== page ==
Thursday, April 28, 2011

Cataloging of Tom Dent Library completed

Poet and playwright
Tom Dent
When authors are asked "What makes a good writer?", a common answer is "A good writer starts as a good reader." This oft-quoted maxim is an excellent way to describe the relationship between poet and playwright Tom Dent and his personal library, which is housed at the Amistad Research Center along with Dent's personal papers. The cataloging of Dent's library, totaling over 1560 titles, was recently completed by cataloger Laura Chilton.

Rather than a collection consisting solely of "high spots" of African American literarture and history, Dent's collection is a working library that reflects his associations with a variety of fellow writers and publishers, his interests in music and modernist drama, and served as resource for Dent's research and writing. The collection is particularly strong in African American small press publishers, such as Dudley Randall's Broadside Press, Haki R. Madhubuti's Third World Press, and Naomi Long Madgett's Lotus Press, and greatly expands Amistad's holding by these seminal publishers of African American poetry and prose.

Inscription from artist Tom Feelings to
Tom Dent in Dent's copy of Feelings'
The Middle Passage.
A number of the books contain Dent's annotations, which provide insight into Dent's use and analysis of the books he owned, as well as inscriptions from friends and fellow authors, such as Felipe Smith, Andrew Young, Alvin Aubert, Tom Feelings, Kamau Brathwaite, Kalamu ya Salaam, Jerry Ward, Lorenzo Thomas, and others.

The Tom Dent Library is cataloged in Tulane University's library catalog and can be located by performing a keyword search using the term "Dent Thomas C former owner" in quotation marks.

Posted by Christopher Harter
(Top image from the Tom Dent Papers. Bottom image from the Amistad Research Center. May not be reproduced without permission.)

Wednesday, April 27, 2011

Amistad begins Comics and Graphic Novels Collection

Issue #1 of Barack the
Barbarian
Following his election as President in November 2008, one of Barack Obama’s advisors gave an interview to a reporter from a British newspaper in which it was revealed that President Obama collected Spiderman and Conan the Barbarian comic books. A few months later, the newly elected president appeared on the cover of The Amazing Spider-Man #583 for the story “Spidey Meets the President!” President Obama’s depiction within comic books actually dates to July 2007, when then Senator Obama appeared in an issue of LicensableBear TM, but since his inauguration, he has appeared in over eleven comic books, including Barack the Barbarian, which depicts the President as a Conan-style figure in adventures rife with political satire.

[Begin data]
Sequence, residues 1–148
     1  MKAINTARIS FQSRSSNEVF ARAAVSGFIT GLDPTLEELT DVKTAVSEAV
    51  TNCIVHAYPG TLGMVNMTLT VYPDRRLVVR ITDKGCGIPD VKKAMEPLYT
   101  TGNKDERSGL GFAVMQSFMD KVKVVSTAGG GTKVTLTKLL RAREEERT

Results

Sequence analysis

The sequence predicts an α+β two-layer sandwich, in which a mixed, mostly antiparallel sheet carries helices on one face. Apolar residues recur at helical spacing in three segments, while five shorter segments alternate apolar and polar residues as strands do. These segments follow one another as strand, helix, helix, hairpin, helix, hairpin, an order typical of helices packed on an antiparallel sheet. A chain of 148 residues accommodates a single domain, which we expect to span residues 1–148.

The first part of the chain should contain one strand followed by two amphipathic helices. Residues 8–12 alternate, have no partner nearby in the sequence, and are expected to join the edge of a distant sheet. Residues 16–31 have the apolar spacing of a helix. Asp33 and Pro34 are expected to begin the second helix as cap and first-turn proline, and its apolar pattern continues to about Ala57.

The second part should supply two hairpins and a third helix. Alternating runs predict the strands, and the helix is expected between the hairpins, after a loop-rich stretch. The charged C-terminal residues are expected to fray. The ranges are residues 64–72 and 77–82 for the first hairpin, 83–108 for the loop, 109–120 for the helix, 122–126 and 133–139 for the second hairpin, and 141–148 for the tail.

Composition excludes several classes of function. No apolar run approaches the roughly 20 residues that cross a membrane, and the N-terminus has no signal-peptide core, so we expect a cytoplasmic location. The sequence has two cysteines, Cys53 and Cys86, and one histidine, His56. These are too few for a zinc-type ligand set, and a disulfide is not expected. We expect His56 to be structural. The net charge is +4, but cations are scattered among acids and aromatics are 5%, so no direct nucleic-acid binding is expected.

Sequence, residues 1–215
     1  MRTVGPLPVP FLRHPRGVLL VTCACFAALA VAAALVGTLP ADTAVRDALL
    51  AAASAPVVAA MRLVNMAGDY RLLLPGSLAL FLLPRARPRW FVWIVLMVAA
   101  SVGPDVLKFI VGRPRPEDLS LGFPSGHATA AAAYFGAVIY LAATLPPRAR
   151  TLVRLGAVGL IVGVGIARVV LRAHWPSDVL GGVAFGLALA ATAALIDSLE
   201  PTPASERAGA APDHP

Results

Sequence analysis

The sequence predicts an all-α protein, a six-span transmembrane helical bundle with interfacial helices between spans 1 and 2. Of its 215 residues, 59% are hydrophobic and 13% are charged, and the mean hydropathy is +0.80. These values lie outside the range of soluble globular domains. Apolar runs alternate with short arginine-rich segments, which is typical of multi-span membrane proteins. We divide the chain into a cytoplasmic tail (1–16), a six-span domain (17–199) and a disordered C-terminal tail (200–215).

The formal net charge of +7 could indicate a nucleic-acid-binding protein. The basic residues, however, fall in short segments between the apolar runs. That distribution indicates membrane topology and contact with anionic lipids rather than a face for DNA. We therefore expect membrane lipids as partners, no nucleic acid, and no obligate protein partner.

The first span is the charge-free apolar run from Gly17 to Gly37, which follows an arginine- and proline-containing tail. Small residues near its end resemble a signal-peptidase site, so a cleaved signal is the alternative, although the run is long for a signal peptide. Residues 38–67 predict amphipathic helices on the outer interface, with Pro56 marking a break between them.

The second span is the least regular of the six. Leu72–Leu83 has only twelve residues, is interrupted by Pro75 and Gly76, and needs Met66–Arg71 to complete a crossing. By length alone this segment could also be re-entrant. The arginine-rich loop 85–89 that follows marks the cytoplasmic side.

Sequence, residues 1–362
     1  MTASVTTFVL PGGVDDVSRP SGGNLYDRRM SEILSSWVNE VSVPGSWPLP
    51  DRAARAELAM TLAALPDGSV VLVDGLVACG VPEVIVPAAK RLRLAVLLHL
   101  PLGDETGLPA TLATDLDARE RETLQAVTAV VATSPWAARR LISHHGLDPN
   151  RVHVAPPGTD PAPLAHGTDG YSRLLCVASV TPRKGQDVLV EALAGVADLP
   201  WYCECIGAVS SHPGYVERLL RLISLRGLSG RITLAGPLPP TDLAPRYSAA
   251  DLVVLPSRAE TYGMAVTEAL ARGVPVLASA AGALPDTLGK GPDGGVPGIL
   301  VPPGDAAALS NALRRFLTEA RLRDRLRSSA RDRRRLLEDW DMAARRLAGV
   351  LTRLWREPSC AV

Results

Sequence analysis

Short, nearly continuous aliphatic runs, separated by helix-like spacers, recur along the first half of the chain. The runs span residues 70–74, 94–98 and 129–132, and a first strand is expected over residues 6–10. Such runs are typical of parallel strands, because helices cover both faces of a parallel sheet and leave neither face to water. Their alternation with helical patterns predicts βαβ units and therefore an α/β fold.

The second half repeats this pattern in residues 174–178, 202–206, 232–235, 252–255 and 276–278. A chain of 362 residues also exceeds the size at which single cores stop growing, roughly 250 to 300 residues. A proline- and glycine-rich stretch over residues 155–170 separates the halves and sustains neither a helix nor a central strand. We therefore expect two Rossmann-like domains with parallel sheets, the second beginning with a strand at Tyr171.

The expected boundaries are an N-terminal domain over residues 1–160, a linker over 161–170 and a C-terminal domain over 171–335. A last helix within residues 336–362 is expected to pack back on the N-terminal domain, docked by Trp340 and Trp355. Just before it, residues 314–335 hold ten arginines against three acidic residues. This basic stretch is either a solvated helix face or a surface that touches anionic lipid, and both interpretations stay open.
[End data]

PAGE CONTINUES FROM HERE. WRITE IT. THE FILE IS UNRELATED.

Depictions of African Americans and other underrepresented minorities within comic books and comic strips have typically been characterized by common racial stereotypes throughout the years. African American characters typically spoke in dialect, World War II-themed superhero comics (like Captain America) battled buck-toothed, slant-eyed Japanese villains, and Latinos were usually depicted with sombreros or as crazed Pancho Villa-like revolutionaries. The list goes on and on.

This situation was fueled in many respects by the fact that the comics industry had very few minority writers, artists, and publishers. There were, however, exceptions to the rule. Jackie Ormes’ 1950s-era Torchy Brown character has been cited as a progressive representation of African Americans and women. George Herriman’s Krazy Kat is considered by many to be one of the masterpieces of 20th century comic art. Artists such as Jose Luis Garcia-Lopez have worked within the mainstream superhero realm of DC and Marvel comics for many years, and the 1990s saw a rise in diversity of themes, artists, writers, and publishers within the comics industry. Today, publishers such as Blue Corn Comics and artists such as Kyle Baker, Gene Yang, and Keith Knight bring a wider voice to comics and graphic novels.

Recent publications about African
Americans, Native Americans, and
Latinos in comics are aiding
Amistad in its new collecting area.
In order to document the history of diversity within comic strips, comic books, and graphic novels (both the highs and the lows), the Amistad Research Center is embarking on a new area of collecting. Center staff are currently seeking donations of relevant materials in good condition to add to the Center's growing Comics and Graphic Novels Collection. Materials added into the collection will be listed in a planned online database that will make the collection information accessible to scholars young and old across the globe. If you are interested in donating materials or learning more about the collection, please contact Director of Library and Reference Services Christopher Harter at (504) 862-3222 or reference@amistadresearchcenter.org.

Posted by Christopher Harter
(Images from the Amistad Research Center. May not be reproduced without permission.)

Thursday, April 21, 2011

"Richmond Barthé: Builder of Pictures" now on display

Barthé with his Mask of a
Boy, circa 1931.